Digest – Features: A+ for bee-minus story, cattlemen no supertasters, farming is poisoning our drinking water
Queen of the bees: Colony collapse disorder in U.S. bees "may have many contributing causes," writes Gina Covina in this terrific Ecology Center Terrain article posted on AlterNet, "but it comes down to bees hitting the biological limits of our agricultural system. It's not so much a bee crisis as a pollination crisis. And we may end up calling it agricultural collapse disorder."
Jack, this one's for you: Members of the Southwest Missouri Cattlemen's Association had a blind taste test between grass-finished beef and corn-fed conventional beef. They couldn't tell the difference. (News-Leader.com; story has mysteriously disappeared, here's Google-cached version)
"They don't call it the Big Muddy for nothing": The Mississippi River basin, which provides drinking water to more than 18 million people, receives not only the effluent of all those humans, but also that of their crops and cows. Of the many threats to drinking water in this region, reports "Garbage Land" author Elizabeth Royte, farming is by far the worst. It's enough to send you back to bottled water — the industry that's the subject of her next book. (Grist)
Net interests: Marian Burros untangles the kerfuffle over news that the fishing industry had funded research that led a recommendation that women of childbearing age eat more fish, in contradiction of government warnings about mercury contamination. (New York Times)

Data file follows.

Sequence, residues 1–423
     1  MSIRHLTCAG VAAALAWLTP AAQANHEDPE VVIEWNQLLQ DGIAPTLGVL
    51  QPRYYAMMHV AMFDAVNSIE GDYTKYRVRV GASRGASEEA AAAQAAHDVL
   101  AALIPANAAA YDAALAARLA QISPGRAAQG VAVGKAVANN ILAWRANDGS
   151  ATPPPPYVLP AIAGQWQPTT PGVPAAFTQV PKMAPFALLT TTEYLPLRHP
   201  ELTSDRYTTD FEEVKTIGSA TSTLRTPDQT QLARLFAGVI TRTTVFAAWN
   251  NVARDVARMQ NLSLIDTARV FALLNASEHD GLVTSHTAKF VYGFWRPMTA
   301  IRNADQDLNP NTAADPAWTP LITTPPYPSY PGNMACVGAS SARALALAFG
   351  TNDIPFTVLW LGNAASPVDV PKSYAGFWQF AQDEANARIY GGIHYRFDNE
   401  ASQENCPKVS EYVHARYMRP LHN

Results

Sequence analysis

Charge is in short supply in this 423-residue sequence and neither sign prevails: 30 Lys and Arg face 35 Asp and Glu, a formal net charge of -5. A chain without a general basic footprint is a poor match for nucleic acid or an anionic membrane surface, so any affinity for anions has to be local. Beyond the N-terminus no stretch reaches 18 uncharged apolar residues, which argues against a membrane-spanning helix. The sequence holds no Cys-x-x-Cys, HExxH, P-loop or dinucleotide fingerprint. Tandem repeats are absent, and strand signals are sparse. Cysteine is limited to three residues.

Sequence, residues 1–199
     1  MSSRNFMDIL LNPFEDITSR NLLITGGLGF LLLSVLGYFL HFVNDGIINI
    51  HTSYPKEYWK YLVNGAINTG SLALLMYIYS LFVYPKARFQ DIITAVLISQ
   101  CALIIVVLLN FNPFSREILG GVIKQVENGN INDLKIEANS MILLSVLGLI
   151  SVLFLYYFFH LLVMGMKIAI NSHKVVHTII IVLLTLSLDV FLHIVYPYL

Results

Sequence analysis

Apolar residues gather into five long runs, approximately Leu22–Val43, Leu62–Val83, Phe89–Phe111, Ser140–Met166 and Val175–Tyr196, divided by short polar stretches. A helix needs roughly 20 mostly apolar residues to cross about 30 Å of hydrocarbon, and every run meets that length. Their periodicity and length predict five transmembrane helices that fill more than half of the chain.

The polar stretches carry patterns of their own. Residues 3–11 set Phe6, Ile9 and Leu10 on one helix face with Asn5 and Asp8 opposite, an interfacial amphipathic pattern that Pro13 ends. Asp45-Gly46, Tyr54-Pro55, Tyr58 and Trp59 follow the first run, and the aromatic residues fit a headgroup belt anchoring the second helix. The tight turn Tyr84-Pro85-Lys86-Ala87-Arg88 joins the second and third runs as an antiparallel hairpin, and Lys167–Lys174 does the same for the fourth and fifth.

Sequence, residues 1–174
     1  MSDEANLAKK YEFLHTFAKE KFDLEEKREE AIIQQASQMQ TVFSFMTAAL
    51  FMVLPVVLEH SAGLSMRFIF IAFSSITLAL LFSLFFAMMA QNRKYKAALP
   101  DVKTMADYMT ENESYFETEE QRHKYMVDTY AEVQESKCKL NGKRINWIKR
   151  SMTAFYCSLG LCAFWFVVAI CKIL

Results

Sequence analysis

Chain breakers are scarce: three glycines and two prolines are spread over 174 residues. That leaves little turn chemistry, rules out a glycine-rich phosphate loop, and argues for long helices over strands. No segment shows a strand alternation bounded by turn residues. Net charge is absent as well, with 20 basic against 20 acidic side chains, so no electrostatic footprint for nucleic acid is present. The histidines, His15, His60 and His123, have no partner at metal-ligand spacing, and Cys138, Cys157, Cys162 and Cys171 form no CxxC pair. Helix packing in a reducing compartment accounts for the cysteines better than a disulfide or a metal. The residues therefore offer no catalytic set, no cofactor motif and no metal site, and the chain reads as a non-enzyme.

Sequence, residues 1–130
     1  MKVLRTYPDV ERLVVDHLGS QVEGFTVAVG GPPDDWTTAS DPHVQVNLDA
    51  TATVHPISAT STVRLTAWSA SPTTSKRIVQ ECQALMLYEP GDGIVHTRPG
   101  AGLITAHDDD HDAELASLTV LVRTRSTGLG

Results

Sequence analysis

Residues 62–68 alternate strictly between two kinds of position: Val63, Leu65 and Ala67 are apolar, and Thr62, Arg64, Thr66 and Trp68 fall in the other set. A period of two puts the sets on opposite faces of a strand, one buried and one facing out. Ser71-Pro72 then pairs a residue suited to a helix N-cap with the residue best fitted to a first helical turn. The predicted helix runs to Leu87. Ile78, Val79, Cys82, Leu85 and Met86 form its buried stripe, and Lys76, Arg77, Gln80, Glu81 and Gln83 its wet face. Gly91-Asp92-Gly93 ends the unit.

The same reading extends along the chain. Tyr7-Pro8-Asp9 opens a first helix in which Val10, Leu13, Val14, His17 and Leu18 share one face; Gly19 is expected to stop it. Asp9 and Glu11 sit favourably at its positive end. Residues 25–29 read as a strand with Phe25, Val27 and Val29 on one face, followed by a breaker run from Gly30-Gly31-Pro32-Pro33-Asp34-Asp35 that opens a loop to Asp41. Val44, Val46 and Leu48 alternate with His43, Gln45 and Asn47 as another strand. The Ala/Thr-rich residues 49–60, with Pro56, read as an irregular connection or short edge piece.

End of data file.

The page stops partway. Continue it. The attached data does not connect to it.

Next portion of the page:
Alice has an iPhone?: Shadowing Alice Waters on three days of her book tour in Chicago, where no one has heard of her and an audience member wants her to try out a nearby Hawaiian-based chain restaurant. (San Francisco Chronicle)
Big Red-Tape Apple: Getting local carrots into the meals served at New York City schools seemed like a no-brainer — the project would help farmers diversify, and the veggies would be fresher, tastier and take less fuel to ship. As you can imagine, it turned out to be more complicated than that. One thing that bugged us "food purists": Why take it for granted that a school system shouldn't even try to handle fresh carrots, instead distributing a plastic package of dip-vehicle "coins" instead? (New York Times; thanks Possum 225)
And in a parallel universe...: An in-depth look at school lunches in the Puget Sound area. The challenges are the same as those facing NYC schools (see above). Some Washington districts, however, like Olympia, have managed to make significant improvements. One of the principals sums it up: "It's really adult work. It's our job to provide choices that nourish our children and then that becomes part of what they understand about the world." (Seattle Post Intelligencer)
Deer prudence: New Zealand venison farmers are trying to break into the untapped U.S. market. With an estimated 2 million red deer stocked on more than 3,500 farms, New Zealand has the world's largest deer-farming industry. (Washington Post)
"White tablecloth trickle-down": Chef Michael Nischan and Paul Newman have not just opened a hot farm-totable restaurant in Westport, Connecticut, they've also launched a nonprofit called Wholesome Wave that is running a farmers market and soon, maybe, a farm. (Plenty Magazine)
The lost art of home-curing olives — without lye (New York Times)
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